Johanna Kyrklund: Is retail investor surge cause for caution?
Johanna Kyrklund: Is retail investor surge cause for caution?
It’s an old investment cliché that when your taxi driver starts giving you share tips, it’s time to sell.
As someone who has been on the receiving end of cabbie investment advice during both the dotcom and – more recently - bitcoin bubble, I can attest to there being an element of truth to the old adage.
Perhaps the Covid-19 lockdown equivalent is when I read some of the comments below articles on news websites, and often see people saying that maybe they should buy Amazon shares given the number of deliveries everyone is getting.
Amazon – and indeed the other FAANGs (Facebook, Apple, Netflix and Google) – have led the sharp market recovery since the Covid-19 collapse, taking their valuations back to elevated levels. Amazon’s share price rose 52% since 23 March to 4 June, during which time the S&P 500 index of shares has gained 42%.
Retail investors may have played no small part in this almighty market rebound. Online brokers saw a huge increase in new client accounts in March as retail investors saw an opportunity to invest in household names whose share prices had been pummelled. Retail trading activity on the main platforms has quadrupled. Robinhood, the stock trading app apparently favoured by millennials, saw a staggering 3 million new accounts opened in the first quarter.
The so-called “accidental saver” effect may be playing a part in this. Research has shown that many employed people in Covid-19 lockdown have found their disposable income increase significantly, as the costs of commuting, holidays, eating out and socialising have all but disappeared. As a result, many of these people have been saving - and investing – more of their spare cash.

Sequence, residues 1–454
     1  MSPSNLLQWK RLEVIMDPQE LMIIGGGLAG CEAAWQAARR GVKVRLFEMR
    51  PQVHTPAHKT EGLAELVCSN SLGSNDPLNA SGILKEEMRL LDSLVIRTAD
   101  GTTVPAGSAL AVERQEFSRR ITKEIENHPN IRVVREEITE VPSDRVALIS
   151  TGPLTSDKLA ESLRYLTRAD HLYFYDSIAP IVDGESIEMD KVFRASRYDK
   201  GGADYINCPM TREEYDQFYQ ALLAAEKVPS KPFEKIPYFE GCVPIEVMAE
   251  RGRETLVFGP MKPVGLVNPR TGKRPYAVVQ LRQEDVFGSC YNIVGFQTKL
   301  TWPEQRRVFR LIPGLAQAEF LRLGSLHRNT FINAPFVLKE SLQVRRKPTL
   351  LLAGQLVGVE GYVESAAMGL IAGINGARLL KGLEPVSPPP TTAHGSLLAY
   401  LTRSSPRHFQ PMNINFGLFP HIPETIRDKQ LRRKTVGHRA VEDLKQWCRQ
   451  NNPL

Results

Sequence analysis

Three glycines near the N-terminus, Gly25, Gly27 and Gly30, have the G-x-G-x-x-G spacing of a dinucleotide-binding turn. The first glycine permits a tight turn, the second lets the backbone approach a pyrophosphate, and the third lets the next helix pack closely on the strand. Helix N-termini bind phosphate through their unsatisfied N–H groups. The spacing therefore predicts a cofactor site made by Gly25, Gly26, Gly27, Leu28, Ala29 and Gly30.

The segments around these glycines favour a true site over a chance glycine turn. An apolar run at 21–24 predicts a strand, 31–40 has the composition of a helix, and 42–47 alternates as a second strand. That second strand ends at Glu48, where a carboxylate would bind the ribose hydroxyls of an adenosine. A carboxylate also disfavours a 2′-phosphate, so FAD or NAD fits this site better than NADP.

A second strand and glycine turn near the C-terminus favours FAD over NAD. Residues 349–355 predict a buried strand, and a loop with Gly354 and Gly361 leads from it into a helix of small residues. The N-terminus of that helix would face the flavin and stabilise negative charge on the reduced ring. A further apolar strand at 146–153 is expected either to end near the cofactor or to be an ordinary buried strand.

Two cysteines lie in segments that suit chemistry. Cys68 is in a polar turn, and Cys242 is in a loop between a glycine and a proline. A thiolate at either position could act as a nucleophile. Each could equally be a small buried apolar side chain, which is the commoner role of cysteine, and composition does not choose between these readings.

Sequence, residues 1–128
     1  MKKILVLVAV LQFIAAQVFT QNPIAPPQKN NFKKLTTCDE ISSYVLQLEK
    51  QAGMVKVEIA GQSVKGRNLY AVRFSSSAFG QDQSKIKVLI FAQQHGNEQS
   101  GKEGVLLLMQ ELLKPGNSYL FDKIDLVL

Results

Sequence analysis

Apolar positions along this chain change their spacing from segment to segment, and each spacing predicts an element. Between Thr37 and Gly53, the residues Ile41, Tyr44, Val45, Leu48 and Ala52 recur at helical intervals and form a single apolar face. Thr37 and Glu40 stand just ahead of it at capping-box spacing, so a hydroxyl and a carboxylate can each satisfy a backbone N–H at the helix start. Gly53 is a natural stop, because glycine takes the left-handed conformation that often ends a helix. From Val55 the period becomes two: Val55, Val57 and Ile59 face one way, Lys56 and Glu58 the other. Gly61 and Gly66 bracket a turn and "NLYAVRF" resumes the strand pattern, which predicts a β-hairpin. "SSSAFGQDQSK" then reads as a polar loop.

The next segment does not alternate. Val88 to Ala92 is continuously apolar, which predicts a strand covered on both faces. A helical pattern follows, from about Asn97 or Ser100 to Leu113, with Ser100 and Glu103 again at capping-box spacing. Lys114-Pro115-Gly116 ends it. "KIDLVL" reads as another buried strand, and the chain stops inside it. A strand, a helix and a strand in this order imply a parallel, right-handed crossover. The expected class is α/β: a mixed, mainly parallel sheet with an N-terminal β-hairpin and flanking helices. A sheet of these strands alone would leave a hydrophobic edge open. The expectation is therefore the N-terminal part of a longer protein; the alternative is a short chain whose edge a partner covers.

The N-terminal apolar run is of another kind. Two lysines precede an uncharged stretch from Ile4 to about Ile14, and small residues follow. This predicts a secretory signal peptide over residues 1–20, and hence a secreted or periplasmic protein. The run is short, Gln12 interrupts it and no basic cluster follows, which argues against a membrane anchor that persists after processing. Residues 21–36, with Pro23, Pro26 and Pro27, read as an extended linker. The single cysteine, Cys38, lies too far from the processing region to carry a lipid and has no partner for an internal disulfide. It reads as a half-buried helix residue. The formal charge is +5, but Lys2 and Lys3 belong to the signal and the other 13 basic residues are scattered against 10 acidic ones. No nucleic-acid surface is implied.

It wasn’t just the household names like Facebook, Amazon and Netflix that retail investors were buying either. Many were taking a deep value approach and snapping up airlines whose very existence had been brought into question as their share prices plummeted.
Retail investors are sometimes disparaged as being unsophisticated - buying high and selling low. But this behaviour appears to dispute that, as they were taking advantage of market falls to pick up shares at a discount to their previous price.
This is why I would not compare this most recent retail activity to the “irrational exuberance” and euphoria we saw during the dotcom bubble. However, I would sound a note of caution.
Economic data is dreadful, and although we may see a short-term bounce in economic data as lockdowns are eased, we remain concerned about the economic outlook for the next 6-12 months.
Until there is a vaccine, subdued economic activity is the only way to contain the virus, and the second order impacts on business and employment are yet to be seen.
Combined with civil unrest in the US, and continued tensions with China, we could see more volatile conditions over the summer for professional and retail investors alike.
With this backdrop, we continue to favour investment grade corporate bonds. Here, we think overall valuations look relatively attractive compared to other asset classes, especially considering the actions of major central banks which we think will provide considerable support for the sector.
Meanwhile, we are still slightly cautious on equities, and have a preference for those areas where growth is less dependent on the economic cycle. We think that many companies may struggle to maintain their profits as a result of Covid-19, and the market will reward those that can weather the shock to demand.
This is likely to accentuate the trend of “quality growth” shares (those investors are willing to pay a premium for on account of their growth prospects) outperforming “value” (those trading at a discount to their true value), at least in the near term.
If that’s the case, those new investors in the likes of Amazon will have cause for cheer. But they may also want to keep an eye on those online comments and, lockdown permitting, pay attention when the taxi driver is talking.
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